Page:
Tinnitus is a ringing, screeching, hissing, whistling, roaring, whooshing or humming sound. Though there is no external source for these sounds, you may feel as though you’re standing under St. Mary’s Cathedral in San Francisco. There are many things that can exacerbate tinnitus; taking over-the-counter (OTC) pain relievers is one of them.
What the Research Shows
A new data analysis from the Nurse’s Health Study II found that women who frequently use certain OTC painkillers are more likely to experience tinnitus. “Frequent use” was defined as taking a medication such as aspirin, acetaminophen and other NSAIDs like naproxen every day or almost every day.
The study found that:
- Frequently taking (6-7 days a week) a moderate dose of aspirin was associated with a 16% higher risk of tinnitus among women under 60, but this risk was not seen in women over 60.
- Frequently taking a lower dose of aspirin was not associated with an elevated risk of tinnitus.
- Frequent use of NSAIDs or acetaminophen was associated with a 20% higher risk of tinnitus. The more frequent the use, the higher the risk.
- Regular use (2+ days a week) of prescription COX-2 inhibitors like Celebrex was associated with a 20% higher risk of tinnitus.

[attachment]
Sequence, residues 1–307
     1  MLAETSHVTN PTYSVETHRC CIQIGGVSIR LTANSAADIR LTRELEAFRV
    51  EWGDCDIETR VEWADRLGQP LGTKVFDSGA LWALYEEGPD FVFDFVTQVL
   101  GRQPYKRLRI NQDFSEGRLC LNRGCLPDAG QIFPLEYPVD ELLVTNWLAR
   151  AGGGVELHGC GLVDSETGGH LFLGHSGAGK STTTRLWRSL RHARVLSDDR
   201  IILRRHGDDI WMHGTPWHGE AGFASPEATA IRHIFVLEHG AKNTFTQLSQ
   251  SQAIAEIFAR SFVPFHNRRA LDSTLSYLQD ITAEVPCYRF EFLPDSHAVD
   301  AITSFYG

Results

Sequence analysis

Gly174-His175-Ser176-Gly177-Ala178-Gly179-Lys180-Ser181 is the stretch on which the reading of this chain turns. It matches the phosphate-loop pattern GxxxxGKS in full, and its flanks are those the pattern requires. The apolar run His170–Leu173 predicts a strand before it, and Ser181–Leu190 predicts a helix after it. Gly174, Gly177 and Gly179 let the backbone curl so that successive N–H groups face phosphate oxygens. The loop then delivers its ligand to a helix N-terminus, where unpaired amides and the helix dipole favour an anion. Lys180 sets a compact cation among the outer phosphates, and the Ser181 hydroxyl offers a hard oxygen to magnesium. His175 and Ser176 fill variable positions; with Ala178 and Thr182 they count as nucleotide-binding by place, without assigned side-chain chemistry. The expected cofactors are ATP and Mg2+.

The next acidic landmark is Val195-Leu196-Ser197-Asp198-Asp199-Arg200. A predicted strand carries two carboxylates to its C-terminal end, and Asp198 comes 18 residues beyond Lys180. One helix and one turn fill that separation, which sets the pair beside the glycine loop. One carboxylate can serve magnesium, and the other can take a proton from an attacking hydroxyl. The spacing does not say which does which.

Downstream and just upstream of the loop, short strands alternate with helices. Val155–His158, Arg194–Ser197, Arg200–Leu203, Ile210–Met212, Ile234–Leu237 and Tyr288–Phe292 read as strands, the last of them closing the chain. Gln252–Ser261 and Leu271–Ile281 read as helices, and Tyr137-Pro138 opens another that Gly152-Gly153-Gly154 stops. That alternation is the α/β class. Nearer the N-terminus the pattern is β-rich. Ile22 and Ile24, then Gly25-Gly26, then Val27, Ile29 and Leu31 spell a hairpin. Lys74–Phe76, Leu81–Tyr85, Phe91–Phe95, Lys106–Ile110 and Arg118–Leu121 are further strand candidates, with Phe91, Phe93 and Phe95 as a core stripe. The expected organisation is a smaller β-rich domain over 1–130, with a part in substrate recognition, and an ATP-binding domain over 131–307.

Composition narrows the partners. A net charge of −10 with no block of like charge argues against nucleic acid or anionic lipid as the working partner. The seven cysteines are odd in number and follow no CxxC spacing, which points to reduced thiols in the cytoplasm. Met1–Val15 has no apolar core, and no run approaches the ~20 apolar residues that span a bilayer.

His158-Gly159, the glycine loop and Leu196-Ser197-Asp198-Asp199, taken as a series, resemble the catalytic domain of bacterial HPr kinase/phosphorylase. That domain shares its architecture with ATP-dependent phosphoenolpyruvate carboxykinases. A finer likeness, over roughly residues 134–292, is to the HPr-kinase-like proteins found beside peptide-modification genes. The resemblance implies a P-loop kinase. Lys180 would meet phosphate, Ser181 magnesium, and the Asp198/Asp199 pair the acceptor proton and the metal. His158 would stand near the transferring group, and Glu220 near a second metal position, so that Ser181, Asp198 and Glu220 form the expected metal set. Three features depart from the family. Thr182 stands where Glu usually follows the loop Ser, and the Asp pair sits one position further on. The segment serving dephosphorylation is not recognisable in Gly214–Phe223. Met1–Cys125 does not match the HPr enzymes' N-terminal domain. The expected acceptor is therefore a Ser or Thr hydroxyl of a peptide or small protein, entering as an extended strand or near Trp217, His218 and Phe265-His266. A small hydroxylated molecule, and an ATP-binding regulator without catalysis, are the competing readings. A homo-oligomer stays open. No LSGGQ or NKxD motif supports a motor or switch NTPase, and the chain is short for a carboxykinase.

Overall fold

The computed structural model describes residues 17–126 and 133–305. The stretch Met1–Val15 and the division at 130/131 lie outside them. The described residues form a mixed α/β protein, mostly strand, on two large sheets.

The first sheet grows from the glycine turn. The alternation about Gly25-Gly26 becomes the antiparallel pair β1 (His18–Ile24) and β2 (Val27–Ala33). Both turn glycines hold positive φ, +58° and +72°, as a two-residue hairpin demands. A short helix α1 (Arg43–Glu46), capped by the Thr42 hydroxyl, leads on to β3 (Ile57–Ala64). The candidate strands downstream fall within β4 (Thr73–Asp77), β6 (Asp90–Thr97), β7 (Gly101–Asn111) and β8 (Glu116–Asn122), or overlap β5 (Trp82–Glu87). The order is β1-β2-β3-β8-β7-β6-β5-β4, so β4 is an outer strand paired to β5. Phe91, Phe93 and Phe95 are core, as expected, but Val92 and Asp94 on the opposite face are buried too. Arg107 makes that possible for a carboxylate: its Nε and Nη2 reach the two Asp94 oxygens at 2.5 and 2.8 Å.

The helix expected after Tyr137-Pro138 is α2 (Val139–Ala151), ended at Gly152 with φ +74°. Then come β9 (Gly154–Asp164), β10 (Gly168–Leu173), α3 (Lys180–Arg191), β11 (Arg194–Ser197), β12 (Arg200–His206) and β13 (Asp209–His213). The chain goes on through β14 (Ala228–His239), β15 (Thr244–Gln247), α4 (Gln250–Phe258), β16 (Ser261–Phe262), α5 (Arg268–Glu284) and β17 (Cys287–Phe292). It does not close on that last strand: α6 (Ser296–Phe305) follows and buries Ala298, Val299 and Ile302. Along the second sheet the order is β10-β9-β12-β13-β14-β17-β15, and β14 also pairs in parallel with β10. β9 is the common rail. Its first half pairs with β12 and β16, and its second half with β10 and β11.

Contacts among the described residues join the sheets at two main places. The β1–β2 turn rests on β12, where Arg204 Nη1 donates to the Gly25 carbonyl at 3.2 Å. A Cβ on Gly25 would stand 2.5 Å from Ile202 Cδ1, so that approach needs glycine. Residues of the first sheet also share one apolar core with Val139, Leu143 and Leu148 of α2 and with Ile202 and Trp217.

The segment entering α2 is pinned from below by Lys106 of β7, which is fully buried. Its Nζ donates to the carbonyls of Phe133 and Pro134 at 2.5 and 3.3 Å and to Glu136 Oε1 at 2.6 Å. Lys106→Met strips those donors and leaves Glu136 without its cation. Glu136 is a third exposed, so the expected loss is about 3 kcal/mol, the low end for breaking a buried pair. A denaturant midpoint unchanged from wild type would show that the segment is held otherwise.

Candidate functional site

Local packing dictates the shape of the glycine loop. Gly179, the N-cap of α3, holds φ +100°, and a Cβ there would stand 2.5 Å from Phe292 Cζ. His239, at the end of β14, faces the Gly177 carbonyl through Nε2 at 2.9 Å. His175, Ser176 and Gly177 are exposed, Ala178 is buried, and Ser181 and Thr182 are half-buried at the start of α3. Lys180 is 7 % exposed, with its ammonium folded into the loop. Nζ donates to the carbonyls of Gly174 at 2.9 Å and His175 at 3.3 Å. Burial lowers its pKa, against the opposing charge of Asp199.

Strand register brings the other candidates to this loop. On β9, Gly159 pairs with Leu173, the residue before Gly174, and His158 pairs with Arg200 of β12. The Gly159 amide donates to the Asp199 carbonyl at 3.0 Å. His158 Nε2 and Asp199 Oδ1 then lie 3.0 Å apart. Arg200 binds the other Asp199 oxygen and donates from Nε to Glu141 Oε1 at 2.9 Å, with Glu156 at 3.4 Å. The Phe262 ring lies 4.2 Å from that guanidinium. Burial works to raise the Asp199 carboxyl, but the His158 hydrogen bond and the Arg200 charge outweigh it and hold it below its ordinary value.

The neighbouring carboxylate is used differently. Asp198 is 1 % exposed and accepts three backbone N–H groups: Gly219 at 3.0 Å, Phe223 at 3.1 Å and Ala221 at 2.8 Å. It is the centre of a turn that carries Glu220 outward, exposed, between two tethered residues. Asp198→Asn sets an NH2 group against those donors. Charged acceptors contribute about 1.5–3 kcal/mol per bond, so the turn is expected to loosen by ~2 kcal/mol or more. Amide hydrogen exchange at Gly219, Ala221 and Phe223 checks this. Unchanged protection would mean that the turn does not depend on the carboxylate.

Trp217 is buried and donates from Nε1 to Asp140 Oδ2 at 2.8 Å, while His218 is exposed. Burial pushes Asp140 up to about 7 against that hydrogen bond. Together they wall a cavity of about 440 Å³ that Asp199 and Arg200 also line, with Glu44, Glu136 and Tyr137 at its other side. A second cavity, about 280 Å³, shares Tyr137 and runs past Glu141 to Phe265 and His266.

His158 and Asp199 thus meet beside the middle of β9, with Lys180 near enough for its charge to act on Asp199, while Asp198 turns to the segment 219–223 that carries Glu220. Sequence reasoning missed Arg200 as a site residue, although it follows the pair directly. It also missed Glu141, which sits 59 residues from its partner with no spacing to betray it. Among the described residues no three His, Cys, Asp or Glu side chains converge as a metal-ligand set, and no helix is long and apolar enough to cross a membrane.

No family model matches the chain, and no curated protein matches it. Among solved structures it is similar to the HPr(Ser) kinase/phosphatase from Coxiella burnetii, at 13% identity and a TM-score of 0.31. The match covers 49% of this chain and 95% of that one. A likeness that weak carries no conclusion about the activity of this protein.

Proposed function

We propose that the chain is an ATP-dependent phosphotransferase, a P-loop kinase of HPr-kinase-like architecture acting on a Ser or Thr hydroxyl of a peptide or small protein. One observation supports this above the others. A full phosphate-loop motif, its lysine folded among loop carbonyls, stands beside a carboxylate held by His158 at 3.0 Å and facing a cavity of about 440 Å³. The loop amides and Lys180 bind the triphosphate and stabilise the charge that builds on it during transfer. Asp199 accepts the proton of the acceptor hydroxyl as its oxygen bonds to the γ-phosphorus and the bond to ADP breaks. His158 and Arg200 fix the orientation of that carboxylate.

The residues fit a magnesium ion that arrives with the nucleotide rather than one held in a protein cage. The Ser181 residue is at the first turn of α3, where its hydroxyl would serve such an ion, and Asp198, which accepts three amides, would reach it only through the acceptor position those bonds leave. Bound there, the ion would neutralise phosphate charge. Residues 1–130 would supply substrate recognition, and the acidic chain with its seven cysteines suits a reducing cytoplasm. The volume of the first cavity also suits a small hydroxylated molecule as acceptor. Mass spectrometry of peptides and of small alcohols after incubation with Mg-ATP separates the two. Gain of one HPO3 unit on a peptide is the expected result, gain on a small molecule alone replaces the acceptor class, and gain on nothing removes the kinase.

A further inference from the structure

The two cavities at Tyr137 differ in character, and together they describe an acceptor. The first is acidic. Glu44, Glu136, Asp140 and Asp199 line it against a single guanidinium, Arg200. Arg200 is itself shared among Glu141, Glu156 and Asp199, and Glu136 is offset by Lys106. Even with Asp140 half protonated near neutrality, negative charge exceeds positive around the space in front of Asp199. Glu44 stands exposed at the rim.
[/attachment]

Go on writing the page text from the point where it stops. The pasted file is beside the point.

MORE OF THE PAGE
Taking Care with Ototoxic Drugs
Though OTC analgesics have benefits with short-term use, frequent use over long periods of time may increase the risk of tinnitus and other negative health effects. This is why it’s important to be mindful and limit the use of these drugs as much as possible. You should also discuss a change in medication use with your doctor.
Tinnitus Management Options
While it’s possible your tinnitus will resolve once you stop taking OTC pain relievers, this may not be the case. In fact, in many cases, tinnitus has no cure. Fortunately, there are many options for managing the condition.
- Changing medication. While one OTC pain reliever may trigger tinnitus, another might not. Talk to your doctor about your options.
- Hearing aids. Hearing aids can be used to treat tinnitus because they essentially turn up the volume on other sounds in your environment, drowning out your tinnitus.
- Masking devices. These devices look like hearing aids but produce masking sounds like white noise to cover your tinnitus.
- White noise machines. White noise machines can play sounds such as falling rain or ocean waves to drown out your tinnitus. The same effect can be achieved by turning on a fan or humidifier.
- Cognitive behavioral therapy (CBT) and tinnitus retraining therapy (TRT) can be effective to teach you how to cope with your tinnitus.
For more information or to schedule an appointment, call Valley Audiology today.